Ontario's Information and Privacy Commissioner has expressed support for Microsoft's user identification system dubbed CardSpace Identity Selector.
Microsoft Corp. plans to launch CardSpace as a Windows component embedded in the company's Vista operating system (OS) expected to roll out in January.
At a press conference Wednesday, Commissioner Ann Cavoukian said Microsoft's ID system far from compromising user privacy, would protect it. "This is the opposite of Big Brother, this system will prevent surveillance and tracking," she said.
Cavoukian's remark appears to be a strong signal that CardSpace has been thoroughly checked out, according to one Canadian e-commerce expert.
"This is a very strong endorsement," noted Tim Richardson, professor of e-commerce, marketing and international business at the Seneca College and instructor at the University of Toronto.
Richardson noted that public officials do not usually openly endorse a product. "This is a clear indication that officials from Ottawa to the Silicon Valley have been involved in a very careful vetting process."
Another analyst said the roll out of the system will be welcomed by the online industry. "Any product that focuses on identity management and addresses online fraud will be a good thing for the industry," said Carmi Levy, senior research analyst at Info-Tech Research Group Ltd. in London, Ont.
Microsoft executives who flanked Cavoukian during the press conference, described CardSpace as an identity metasystem that allows a user to create multiple virtual ID cards. The system itself has been toughened against tampering and spoofing to protect the end user's identity.
Kim Cameron, chief identity architect at Microsoft, said each virtual card created by the user will only contain the minimum amount of information that individual will need to divulge to carry out a transaction applicable to the card.
"The system allows users to create a palette of cards. Users can choose which card they want to use depending on the context of the transaction to be carried out."
For instance, Cameron said, if a CardSpace user wants to buy something from an online store, he or she can use a virtual card tagged for credit card purchases. The cards do not contain any data such as social insurance numbers or credit card information that could be used for Internet fraud.
The virtual card will connect the online store to a bank's system that will vouch for the user's identity and inform the store if enough funds are available for the purchase, said Cameron.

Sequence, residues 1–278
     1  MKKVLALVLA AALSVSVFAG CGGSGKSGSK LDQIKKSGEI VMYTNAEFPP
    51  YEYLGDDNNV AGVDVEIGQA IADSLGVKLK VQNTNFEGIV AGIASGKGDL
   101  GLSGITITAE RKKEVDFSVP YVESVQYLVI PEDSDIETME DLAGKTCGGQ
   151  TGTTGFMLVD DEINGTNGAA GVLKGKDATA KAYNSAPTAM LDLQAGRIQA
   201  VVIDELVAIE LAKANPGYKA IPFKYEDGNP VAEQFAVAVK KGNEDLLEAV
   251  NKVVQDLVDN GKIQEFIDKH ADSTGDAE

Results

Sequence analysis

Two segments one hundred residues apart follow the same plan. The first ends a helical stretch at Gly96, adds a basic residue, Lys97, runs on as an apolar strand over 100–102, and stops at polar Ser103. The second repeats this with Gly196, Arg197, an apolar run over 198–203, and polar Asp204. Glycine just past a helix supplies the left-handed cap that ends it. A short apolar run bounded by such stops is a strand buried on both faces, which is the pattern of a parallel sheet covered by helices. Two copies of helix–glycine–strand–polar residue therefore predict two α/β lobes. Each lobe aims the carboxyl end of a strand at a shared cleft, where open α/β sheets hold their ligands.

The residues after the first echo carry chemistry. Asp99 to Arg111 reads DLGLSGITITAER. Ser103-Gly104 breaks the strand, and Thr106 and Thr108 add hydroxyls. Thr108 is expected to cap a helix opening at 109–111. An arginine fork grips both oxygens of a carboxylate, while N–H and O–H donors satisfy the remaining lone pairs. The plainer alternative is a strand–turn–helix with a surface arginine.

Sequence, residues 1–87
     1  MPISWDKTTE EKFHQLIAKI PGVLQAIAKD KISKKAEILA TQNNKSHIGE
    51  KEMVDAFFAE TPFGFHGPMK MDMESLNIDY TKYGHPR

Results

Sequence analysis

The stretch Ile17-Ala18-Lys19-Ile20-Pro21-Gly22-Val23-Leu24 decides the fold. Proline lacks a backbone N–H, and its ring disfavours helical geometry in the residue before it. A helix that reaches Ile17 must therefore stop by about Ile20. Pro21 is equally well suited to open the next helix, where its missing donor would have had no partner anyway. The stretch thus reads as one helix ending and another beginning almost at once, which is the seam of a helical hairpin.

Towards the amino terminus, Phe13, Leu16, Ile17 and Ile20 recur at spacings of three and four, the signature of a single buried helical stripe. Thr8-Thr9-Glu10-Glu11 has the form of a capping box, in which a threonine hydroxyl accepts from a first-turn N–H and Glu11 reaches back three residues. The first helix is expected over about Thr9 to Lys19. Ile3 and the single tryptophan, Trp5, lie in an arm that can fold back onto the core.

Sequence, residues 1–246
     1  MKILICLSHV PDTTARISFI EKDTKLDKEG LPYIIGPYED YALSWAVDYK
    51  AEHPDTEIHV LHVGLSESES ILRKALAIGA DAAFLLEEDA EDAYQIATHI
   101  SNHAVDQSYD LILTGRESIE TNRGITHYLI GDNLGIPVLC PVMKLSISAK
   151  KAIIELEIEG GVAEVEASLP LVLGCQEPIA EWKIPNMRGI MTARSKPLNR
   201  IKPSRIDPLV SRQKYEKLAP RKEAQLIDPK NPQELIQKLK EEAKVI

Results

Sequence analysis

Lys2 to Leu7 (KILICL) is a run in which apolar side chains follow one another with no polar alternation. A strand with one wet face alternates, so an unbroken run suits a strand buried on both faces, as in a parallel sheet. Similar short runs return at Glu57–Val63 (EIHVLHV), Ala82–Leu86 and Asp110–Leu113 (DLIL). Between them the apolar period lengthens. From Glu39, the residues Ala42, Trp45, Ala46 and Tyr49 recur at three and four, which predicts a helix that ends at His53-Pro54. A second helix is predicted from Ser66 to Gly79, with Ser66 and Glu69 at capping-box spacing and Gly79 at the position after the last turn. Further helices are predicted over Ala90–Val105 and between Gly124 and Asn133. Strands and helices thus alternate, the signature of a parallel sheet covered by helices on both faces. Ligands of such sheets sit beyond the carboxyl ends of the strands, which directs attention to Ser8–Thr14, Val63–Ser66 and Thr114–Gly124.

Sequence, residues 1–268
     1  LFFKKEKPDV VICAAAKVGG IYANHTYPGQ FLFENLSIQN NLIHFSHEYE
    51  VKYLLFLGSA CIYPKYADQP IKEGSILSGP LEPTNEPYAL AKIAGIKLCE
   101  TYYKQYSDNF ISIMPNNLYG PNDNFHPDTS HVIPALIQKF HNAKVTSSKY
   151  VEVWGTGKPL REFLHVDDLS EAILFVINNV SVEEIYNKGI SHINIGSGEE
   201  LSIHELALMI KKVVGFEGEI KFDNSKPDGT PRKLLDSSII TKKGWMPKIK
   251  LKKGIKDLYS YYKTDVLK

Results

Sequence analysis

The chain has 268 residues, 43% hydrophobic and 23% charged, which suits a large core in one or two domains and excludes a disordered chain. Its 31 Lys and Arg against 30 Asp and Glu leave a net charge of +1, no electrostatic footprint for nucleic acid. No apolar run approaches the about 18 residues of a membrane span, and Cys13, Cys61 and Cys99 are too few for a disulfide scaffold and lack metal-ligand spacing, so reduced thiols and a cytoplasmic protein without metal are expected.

CardSpace is just one version of the identity metasystem. Microsoft has been working with other companies to develop standards for such this identity management initiative. Many of these efforts were guided by the so-called Seven Laws of Identity formulated through a global dialogue among security and privacy experts led by Cameron.
Levy stated that a move to an identity metasystem would mean "a shift in structure and culture" which could present some difficulties.
Ironically, Microsoft's own early stab at the technology, dubbed Passport Network did not conform with these laws and was criticized for featuring a single-sign-on system that store a user's personal information centrally.
The key to the system is that user information does not reside in one location, according to Peter Cullen, chief privacy strategist for Microsoft."Data about a person is spread out among various institutions. For instance banking information will be with the banks, while driving information will reside with the appropriate government agency."
Cullen said identity credentials will not reside on a centralized online database but on a user's own computer.
The system also reduces the amount of information disclosed. For instance, Cullen said. He said the system can be configured to prove a senior citizen is over 65 without requiring that person to reveal all of their other identity information.
Cavoukian said the identify metasystem builds privacy into the architecture of the Internet.
She said it would diminish surveillance and tracking of Internet use and personal information, while "[empowering] users to manage their own identity and decide which personal information they are willing to release."
On several occasions the information and privacy commissioner had mentioned that businesses flouting privacy laws , as well as the prevalence of online fraud, identity theft and other Web-based scams, such as phishing, have eroded public trust in e-commerce.
She said people's vital personal information is being bought, sold, stolen and traded online. Cavoukian rued that information already in the hands of online scammers or roaming around in cyberspace cannot be retrieved.
Cameron echoed this view. "Unfortunately, there's no way to wipe that clean. But we can start to plug the leaks," the Microsoft executive said.
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